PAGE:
A1 highlighted when you paste, or it may not automatically parse the data correctly.
Once the data is in excel, we can take advantage of Excels rich graphing features, wich are far beyond the capabilities of the graph previewer that is included in the run tab of Roborun+. All we have to do is insert an XY scatter plot with our data selected:
… Or not. Excel had a little bit of trouble with the data selection. We have to help it out by deleting the range for our Horizontal Axis Labels. Just right click and choose “Select Data”:
Click the Edit Button for the Horizontal Axis Labels:
And delete eveything in the Axis label range before clicking okay:
And we are left with a beautiful excel scatter plot:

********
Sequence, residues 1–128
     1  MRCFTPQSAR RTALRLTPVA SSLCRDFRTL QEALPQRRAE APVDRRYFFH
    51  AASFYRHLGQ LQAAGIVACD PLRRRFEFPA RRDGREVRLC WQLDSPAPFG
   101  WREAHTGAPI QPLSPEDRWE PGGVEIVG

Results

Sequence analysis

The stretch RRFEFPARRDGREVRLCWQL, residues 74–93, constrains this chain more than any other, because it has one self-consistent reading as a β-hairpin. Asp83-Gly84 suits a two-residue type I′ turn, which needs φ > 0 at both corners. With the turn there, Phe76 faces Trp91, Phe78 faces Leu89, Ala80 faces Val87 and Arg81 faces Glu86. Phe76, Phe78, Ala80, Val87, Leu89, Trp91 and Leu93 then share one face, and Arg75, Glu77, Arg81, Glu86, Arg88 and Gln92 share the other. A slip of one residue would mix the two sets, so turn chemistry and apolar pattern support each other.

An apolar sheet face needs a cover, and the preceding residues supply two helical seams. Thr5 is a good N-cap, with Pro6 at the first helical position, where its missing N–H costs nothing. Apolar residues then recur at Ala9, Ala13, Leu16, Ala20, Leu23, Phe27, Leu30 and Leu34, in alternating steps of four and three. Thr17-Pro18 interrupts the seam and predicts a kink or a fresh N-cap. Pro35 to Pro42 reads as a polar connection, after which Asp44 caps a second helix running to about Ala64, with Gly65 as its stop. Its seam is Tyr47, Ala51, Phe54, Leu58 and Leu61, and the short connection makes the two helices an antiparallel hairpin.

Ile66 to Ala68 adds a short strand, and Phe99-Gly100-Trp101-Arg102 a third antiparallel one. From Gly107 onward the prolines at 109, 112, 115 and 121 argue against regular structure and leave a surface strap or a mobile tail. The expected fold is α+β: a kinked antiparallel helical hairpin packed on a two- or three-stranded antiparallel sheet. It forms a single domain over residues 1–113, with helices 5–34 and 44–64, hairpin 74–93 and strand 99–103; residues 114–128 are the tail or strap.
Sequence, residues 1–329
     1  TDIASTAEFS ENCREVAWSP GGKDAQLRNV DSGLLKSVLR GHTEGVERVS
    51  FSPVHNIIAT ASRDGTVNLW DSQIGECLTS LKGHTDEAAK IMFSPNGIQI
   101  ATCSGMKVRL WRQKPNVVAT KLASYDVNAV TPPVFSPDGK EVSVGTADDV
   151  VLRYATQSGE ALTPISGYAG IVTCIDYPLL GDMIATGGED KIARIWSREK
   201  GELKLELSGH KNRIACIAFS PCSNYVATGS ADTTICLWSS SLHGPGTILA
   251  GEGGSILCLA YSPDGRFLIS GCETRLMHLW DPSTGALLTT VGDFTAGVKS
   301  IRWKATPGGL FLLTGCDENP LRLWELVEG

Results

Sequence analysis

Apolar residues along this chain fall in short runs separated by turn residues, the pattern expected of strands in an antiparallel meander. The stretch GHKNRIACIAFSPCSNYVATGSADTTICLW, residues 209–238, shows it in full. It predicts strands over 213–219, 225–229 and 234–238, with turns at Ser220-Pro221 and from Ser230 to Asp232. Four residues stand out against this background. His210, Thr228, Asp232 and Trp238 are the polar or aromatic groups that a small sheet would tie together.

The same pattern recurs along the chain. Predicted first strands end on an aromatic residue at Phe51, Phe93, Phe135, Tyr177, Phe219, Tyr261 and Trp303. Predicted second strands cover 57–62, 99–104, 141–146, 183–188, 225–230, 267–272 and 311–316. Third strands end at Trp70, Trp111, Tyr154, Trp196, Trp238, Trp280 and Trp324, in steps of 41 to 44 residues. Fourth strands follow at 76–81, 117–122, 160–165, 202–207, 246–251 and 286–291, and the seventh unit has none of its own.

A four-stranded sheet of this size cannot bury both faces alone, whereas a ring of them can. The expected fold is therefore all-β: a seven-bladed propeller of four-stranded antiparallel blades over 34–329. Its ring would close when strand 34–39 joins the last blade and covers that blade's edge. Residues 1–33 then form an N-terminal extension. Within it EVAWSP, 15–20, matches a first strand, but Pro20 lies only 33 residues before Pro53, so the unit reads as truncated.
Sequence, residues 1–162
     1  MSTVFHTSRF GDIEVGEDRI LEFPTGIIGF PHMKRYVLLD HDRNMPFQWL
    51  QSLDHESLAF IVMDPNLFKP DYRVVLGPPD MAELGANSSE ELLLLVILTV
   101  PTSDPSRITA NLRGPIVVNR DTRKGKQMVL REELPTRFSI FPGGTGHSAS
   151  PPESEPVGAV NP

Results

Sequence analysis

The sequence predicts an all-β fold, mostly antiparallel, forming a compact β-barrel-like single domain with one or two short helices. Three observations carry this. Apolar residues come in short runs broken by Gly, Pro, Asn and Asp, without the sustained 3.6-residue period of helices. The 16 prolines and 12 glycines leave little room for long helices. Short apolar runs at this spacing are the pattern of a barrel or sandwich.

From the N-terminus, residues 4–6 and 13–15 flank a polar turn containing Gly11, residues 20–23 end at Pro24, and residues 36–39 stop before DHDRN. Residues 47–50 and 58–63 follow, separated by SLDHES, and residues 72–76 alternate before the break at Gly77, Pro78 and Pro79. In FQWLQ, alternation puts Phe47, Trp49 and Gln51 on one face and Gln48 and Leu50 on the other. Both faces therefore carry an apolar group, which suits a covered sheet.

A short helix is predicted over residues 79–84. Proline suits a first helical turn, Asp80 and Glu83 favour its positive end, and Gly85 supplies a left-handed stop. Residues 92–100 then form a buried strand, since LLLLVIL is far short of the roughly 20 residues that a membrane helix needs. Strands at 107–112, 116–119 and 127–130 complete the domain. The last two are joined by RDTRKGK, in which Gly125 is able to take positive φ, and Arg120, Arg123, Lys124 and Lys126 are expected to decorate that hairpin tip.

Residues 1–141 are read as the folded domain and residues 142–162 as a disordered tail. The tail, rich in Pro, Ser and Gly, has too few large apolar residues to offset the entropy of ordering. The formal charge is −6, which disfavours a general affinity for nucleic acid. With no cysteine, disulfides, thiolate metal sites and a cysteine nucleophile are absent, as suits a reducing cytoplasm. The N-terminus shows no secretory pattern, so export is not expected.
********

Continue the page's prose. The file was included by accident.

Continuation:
Ah, that’s much better.
Analyzing our Data with Python and NumPy
We can use other tools than Excel to manipulate our data. If we want to perform advanced analysis, importing the data to Python is not a bad idea. In Python we can use a variety of tools to manipulate and perform analysis on our motor logs.
Let’s import our motor logs into a NumPy array in Python. Here is a snippet that does that
import numpy MotorData = np.genfromtxt('Brushed_OpenLoop.txt', skip_header = 1) #Skip data label headers MotorData = MotorData[:, 3:] #skip time frame columns
Like Excel, NumPy will also automatically parse our data. In the above example, I also took the liberty of skipping the series label header (
skip_header = 1) as well as stripping away the timestamps (
Once we have the data as a NumPy array, analysis becomes a breeze. For instance, sticking on the topic of plotting the data, we can use plot.ly to generate an interactive graph: